Sunday, January 30, 2011

The tyrannophile faux-left and Hosni Mubarak



And who did we hear this morning on radio? Tony Blair basically defending his
mate Mubarak.
writes our friend Olching in the comments section to our last post.


And there's more on Tony and Hosni from Mehdi Hasan over at the NS
Tony Blair, that other great neoconservative crusader for freedom and democracy in the Middle East, visited Egypt with his family on holiday on several occasions, had countless meetings with Mubarak, but never chastised him in the manner that he now chastises, say, the Iranians. Shamefully, Blair, while in office as prime minister of the United Kingdom, allowed Mubarak to pay for his family's luxury holiday at the Red Sea resort of Sham-el-Sheikh in December 2001. Was he worried, I wonder, about the freedom and human rights of political prisoners languishing in Egyptian prisons while he sunned himself in his holiday villa, as a guest of Mubarak's dictatorship?
The faux-left love to label the genuine left as ‘apologists for dictators’ ’Stalinists’ ‘or tyrannophiles’.
But when it comes to apologising for tyrants no one is more guilty than neocons and the faux-left.

PS The odds on any other faux-leftist/ neocon writing a piece condemning Tony Blair for his association with the brutal dictator Hosni Mubarak: 1,000,000-1.
 

1 comment:

Czarny Kot said...

Good luck to the protesters.

I just hope that someone has a plan for what happens if /when Mubrak falls.

The famous Polish journalist Ryszard Kapucinski personally witnessed more than a few revolutions. He said that one memory common to them all was not molotov cocktails but rather some tired looking people sitting round a table saying 'what now?'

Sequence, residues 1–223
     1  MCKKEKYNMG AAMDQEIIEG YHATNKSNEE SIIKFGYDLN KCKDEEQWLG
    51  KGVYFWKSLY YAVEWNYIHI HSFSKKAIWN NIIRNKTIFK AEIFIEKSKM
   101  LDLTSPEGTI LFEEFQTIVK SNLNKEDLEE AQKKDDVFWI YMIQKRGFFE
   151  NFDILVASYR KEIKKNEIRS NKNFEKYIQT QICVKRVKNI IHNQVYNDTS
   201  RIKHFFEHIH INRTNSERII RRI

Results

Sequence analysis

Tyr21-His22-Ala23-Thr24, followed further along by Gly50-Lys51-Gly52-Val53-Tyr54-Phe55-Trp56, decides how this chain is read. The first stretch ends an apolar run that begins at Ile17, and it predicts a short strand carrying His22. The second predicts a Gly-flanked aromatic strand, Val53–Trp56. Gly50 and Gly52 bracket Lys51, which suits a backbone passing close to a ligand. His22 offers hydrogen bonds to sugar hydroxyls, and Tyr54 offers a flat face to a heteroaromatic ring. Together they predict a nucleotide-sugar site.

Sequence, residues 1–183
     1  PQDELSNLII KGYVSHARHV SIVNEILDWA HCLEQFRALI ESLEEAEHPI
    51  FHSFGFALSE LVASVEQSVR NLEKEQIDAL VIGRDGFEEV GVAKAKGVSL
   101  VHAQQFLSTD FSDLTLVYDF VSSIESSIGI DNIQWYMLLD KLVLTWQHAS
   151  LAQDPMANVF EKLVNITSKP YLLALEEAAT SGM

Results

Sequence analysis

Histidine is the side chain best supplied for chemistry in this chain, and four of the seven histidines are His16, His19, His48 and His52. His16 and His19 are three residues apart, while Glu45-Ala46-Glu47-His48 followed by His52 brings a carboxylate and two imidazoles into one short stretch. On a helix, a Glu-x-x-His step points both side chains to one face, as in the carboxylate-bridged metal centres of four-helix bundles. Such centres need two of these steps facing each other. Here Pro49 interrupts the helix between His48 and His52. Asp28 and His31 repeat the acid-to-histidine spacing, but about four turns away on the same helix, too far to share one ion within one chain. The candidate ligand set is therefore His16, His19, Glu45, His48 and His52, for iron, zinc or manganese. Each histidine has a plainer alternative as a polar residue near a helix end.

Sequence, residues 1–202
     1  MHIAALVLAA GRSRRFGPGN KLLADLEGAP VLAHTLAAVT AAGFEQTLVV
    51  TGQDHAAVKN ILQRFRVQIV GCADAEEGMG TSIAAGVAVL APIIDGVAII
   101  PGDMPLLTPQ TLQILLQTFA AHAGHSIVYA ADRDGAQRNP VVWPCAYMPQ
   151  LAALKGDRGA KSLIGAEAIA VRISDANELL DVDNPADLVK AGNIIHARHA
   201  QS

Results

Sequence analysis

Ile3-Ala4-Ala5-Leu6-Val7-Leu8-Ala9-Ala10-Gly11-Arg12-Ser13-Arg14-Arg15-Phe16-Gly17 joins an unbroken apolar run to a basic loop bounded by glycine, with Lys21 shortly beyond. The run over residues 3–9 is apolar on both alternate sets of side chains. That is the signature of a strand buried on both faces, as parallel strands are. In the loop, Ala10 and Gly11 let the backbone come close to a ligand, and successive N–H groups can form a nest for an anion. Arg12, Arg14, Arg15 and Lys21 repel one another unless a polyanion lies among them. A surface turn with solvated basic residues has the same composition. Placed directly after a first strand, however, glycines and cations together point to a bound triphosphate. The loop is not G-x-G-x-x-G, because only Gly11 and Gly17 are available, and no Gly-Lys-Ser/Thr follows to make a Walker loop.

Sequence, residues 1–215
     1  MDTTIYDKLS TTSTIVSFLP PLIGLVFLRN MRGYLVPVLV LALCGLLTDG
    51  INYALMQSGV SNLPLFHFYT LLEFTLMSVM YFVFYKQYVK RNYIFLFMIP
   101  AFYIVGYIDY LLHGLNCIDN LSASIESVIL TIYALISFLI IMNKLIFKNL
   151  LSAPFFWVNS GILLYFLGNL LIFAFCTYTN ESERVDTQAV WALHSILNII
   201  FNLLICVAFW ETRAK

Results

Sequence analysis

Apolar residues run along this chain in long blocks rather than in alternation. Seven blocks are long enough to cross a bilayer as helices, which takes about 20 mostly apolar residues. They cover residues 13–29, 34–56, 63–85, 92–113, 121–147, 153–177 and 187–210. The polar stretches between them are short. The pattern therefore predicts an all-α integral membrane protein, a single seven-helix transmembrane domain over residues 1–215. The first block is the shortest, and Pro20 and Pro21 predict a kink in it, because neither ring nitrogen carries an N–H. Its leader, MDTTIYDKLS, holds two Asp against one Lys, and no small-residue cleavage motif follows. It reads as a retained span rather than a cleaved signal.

Generally, people do not revolt against good leaders and regimes. They rise up against regimes which are oppresive, corrupt etc.. As a result, nearly all revolutions seem like a Good Thing at the time. It is only with the benefit of hindsight that we can tell if they really were a Good Thing.

Only the most bitter Communist diehards would argue that the collapse of Communism in E Europe was not a Good Thing at the time. The fact that countless polls and surveys show that many in the ex-Eastern Bloc now remember the old days quite fondly should be seen as a failure of what happened next, rather than as an endorsement of the old system.

Thankfully, most of the E European countries managed a peaceful transition. Yugoslavia and Iraq, howver, show what can happen when a long-standing strongman departs the scene-- ethnic and/or sectarian conflict.

I do not know enough about Egypt to be pessimistic or optimistic about the future. It could be a mixed future-- a more Islamist-minded Egypt could be a blessing for the people of Gaza whilst being a further blow to the Egyptian Copts, already reeling from bomb attacks.

As for Western hypocrisy, it is there for all to see. It is not only Western governments though. Whilst Washington and Whitehall deem authoritarian leaders as acceptable or not depending on whether they are pro-Western or not-- Mubarak OK, Lukashenko Bad-- many commentators play the same game from the other side. Authoritarian regimes which are deemed anti-Western are given a pass whilst pro-Western stooges are rightly denounced-- Mubarak Bad, Lukashenko OK.

Obviously we live in a world where many countries are not democratic. Rather than judging them by their relationship with the West, we should judge each one on its own merits--- why is it not a democracy? What are its political history and traditions? What are the alternatives to the current regime?....

This way, Lukashenko and Mubarak could both be seen together as necessary evils (or tyrants in need of deposing) regardless of what people with their own agenda try to tell us.